Kurzweil recently gave a presentation at the Business4Site conference in Los Angeles. While his scope was broad, several of the points he made were about the future of technology (and the expandingor is that contracting?digital lifestyle). In particular, he focused on exponential "leaps" in technology evolution.
By Kurzweil's account, each technological paradigm shift accelerates subsequent innovation logarithmically. Other futurists such as Alvin Tofler have held similar views, but Kurzweil demonstrates this exponential rate of change quantitatively, in terms of both the nature of innovation and the time of innovation. His math presents a compelling picture that allows him to make some interesting forecasts. This view of change happening in explosive leaps has been coined Kurzweil's Law.
Kurzweil forecasts that, by the year 2020, computer technology will surpass the human brain in the capability to "think." Computers are good doing complex calculations involving a number of variables very quickly. However, pattern recognition is still a difficult task. Kurzweil reasons that it is only a matter of time before we can create computers with as many "synapses" as the human brain. Kurzweil's Law predicts it. In 1968, a transistor cost $1. Today 10,000,000 transistors cost $1. According to Kurzweil's quantified schedule, by 2020, we will create computers with more power than the human brain. And given the current rate of miniaturization technology, which is exponential also, we should be able to fit all that computing power into an apparatus that is considerably smaller than the current size of Big Blue, the famous chess-playing computer.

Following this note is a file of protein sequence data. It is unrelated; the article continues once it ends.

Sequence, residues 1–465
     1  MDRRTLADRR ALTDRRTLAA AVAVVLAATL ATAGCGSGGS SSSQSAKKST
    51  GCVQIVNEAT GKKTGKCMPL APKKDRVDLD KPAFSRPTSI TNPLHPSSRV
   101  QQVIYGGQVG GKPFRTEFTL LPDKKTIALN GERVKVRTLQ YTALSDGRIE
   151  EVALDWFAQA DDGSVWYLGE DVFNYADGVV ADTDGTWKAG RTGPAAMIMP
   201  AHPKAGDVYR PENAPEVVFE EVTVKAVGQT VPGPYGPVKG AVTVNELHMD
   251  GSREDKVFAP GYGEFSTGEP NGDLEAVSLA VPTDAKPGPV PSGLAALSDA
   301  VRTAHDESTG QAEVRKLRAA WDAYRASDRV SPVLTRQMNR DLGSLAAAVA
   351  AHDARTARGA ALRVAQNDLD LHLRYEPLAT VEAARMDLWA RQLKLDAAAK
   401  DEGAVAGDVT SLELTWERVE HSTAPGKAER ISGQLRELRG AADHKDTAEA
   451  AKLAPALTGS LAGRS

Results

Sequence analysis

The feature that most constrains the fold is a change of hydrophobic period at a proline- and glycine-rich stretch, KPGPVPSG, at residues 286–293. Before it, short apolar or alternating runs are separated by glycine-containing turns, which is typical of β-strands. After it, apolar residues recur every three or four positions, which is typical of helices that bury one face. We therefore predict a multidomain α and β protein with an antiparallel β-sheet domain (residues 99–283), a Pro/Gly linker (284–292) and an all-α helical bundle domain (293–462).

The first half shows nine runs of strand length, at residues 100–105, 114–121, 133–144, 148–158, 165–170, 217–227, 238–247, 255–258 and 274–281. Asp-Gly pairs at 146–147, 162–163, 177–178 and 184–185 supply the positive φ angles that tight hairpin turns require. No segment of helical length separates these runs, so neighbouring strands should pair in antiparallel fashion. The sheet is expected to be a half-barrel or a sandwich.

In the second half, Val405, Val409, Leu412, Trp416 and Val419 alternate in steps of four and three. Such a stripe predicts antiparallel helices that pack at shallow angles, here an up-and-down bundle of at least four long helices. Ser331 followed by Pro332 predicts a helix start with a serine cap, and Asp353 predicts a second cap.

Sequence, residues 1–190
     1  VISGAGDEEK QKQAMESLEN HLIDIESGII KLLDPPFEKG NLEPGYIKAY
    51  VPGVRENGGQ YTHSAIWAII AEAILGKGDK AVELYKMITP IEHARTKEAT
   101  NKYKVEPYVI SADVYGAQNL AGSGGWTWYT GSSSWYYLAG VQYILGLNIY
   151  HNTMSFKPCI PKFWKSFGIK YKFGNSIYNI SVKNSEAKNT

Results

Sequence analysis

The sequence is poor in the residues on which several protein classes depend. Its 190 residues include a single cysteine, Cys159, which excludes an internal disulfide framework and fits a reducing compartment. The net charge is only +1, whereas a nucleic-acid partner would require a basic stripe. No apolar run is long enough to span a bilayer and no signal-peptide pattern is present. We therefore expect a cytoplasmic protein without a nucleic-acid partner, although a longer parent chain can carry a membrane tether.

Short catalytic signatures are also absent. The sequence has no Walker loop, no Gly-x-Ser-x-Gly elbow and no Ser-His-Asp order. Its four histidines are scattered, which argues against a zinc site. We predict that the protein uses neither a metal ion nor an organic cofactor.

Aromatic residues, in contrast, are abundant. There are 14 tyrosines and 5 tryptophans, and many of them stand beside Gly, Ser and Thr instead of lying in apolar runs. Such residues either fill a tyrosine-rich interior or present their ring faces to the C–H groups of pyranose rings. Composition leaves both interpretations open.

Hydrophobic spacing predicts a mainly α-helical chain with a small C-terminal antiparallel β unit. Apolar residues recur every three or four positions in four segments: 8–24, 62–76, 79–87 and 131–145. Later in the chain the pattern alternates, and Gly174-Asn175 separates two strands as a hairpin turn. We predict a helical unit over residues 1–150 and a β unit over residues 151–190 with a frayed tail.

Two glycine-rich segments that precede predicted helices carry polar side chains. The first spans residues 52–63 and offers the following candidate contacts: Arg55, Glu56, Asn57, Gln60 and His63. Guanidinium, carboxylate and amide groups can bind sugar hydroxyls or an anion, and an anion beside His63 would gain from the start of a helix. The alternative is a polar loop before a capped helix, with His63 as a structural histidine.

Another point that Kurzweil makes is about the changing nature of the computer architecture overall. At the present time, a computer main processor is electronic, with bits turning on and off as the result of a change in electrical charge. Kurzweil theorizes that recent innovations in biotechnology will allow us to create technologies that will transform computer chips from electronic components to molecular nanotech components. (See http://news.nationalgeographic.com/news/2003/02/0224_030224_DNAcomputer.html.) Whereas in the past we flipped bits to make a processor work, in the future, microprocessors will be a collection of programmable molecules.
The implications of this theory are profound. If things go as Kurzweil says they will, someday Intel or one of it biotech subsidiaries might be in the brain-creation business, making microscopic molecule processors that have more power and wherewithal than today's silicon-based chips.